Novel Imines with Tunable Nucleophilicity and Steric Properties through Metal Coordination
New class of compounds of organocatalysts and ligands with improved reactivity and selectivity
Applications of molecular organometallic/coordination complexes as catalysts in organic transformations have been extensively evaluated and these reactions typically proceed on the metal atom as the catalytic center whose activity and selectivity can be manipulated by modifying the steric and/or electronic properties of the surrounding organic ligands. Organocatalysts are small organic molecules containing no metal atoms that accelerate chemical reactions typically through nucleophilic covalent or hydrogen bonding activations. The activity and selectivity of organocatalysts can be tuned by varying the steric and/or electronic factors of the substituent groups. Since the coordination to a metal center could influence the property of the ligand, it is conceivable that this interaction could be utilized to offer new strategies for the design and modifications of organocatalysts.
Reduction reactions involving carbonyl groups are one of the most encountered organic chemistry functional group transformations in both industry and academia. For example, the reduction of carbonyl groups in the pharmaceutical industry during the synthesis of drug candidates is commonplace and is frequently performed at a multi-kilogram scale. Although there are numerous reagents commercially available for carbonyl reductions, there is a market need for novel catalysts that could have enhanced reactivity and selectivity.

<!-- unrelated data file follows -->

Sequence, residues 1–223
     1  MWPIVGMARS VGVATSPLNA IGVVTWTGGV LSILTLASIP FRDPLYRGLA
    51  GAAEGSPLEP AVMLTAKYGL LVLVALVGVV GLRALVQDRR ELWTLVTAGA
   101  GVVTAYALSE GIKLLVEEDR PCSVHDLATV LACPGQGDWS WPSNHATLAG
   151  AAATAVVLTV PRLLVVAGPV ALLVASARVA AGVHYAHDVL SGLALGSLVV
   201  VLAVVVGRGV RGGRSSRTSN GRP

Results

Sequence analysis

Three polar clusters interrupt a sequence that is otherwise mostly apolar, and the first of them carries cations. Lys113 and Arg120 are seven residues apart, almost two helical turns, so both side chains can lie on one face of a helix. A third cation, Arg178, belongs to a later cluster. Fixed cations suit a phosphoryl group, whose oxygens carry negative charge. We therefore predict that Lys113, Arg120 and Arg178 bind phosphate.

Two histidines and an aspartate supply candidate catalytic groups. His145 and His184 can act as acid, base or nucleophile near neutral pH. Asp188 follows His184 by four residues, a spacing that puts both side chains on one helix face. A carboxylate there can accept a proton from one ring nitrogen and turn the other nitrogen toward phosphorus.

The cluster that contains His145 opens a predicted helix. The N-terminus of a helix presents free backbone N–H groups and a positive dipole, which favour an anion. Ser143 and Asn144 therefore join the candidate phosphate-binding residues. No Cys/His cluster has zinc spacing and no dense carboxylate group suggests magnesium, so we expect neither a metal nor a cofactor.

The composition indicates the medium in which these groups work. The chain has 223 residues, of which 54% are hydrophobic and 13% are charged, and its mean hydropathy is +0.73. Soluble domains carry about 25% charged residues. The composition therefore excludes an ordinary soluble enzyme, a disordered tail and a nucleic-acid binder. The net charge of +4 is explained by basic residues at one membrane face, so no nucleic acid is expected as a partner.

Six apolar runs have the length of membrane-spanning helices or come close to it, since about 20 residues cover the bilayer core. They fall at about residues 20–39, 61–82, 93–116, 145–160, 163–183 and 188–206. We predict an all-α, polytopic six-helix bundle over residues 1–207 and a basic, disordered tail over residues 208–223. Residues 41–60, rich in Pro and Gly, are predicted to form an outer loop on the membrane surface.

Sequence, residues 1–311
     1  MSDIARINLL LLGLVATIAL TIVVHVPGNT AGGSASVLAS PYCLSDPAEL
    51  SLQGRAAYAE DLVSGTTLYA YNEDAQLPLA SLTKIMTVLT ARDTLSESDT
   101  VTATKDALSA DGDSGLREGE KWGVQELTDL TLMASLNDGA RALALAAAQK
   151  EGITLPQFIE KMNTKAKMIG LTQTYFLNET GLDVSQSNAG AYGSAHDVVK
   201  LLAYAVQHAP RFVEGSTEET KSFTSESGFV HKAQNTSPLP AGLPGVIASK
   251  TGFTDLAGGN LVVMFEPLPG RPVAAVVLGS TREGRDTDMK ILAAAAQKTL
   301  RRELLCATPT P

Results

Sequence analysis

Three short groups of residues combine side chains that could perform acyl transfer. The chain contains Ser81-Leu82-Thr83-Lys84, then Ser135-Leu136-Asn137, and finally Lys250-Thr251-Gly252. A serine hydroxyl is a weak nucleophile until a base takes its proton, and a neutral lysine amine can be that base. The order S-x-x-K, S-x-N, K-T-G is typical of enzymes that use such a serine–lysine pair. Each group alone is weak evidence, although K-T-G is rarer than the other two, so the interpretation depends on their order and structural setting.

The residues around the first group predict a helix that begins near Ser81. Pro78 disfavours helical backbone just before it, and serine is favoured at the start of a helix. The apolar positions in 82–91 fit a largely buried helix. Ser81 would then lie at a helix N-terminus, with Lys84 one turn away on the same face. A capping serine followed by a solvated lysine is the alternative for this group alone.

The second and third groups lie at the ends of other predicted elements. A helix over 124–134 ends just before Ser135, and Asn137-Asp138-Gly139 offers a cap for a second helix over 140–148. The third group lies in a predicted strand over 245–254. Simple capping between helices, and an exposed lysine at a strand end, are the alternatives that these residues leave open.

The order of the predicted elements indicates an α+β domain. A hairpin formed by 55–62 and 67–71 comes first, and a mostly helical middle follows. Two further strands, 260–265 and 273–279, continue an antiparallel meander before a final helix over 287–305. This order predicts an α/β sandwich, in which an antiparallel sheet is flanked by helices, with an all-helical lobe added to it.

How It Works
Researchers at KAUST have designed a new class of compounds with a structure including a transition metal, any akyl or aryl group, a hydrocarbon consisting of carbon and hydrogen, donor groups such as NH-PR2, CH2PR2, CH2NR2, and spectator ligands. To demonstrate the concept, a series of well-defined nickel PN3P-pincer complexes were prepared. In the preparation of the compounds, it was demonstrated that the coordination to the metal center could influence the property of the ligand. Such interactions can be utilized to offer new strategies to design new metallo-organocatalysts and ligands. The properties of these compounds could be tuned by modifying the metal center and its spectator ligands, and the substituents in the ligand. The new class of compounds show promise as an extension of current methods for trifluoromethyl addition to aldehydes and commercial production of methanol.
Why It Is Better
The nickel PN3P-pincer complexes prepared had an imine arm as the reactive site of the pincer complex, rather than the metal itself. This enables the catalyst to achieve the desired chemical transformation such as the chemoselective reduction of aldehydes to alcohols, trifluoromethyl addition to aldehydes, cyclic carbonate formation via the cycloaddition of carbon dioxide and an epoxide, direct amide formation from a primary alcohol and primary amine, and the reduction of carbon dioxide to methanol. The reactivity of the organic imine group could be increased through coordinating to the nickel metal center and changing the spectator ligand on nickel. Preliminary results demonstrated that the developed complexes have similar reactivities as those of N-heterocyclic carbenes but with a production cost that is 90% lower.
KAUST has a patent pending for this technology.
Invention Track Code
- Provides a new way to design organocatalysts and ligands, allowing the development of a new product line with improved reactivities and selectivities
- Could be used as an alternative to commonly employed and highly reactive reducing reagents
- Have similar reactivity as those of N-heterocyclic carbenes, however the production cost is 90% lower
- Methanol production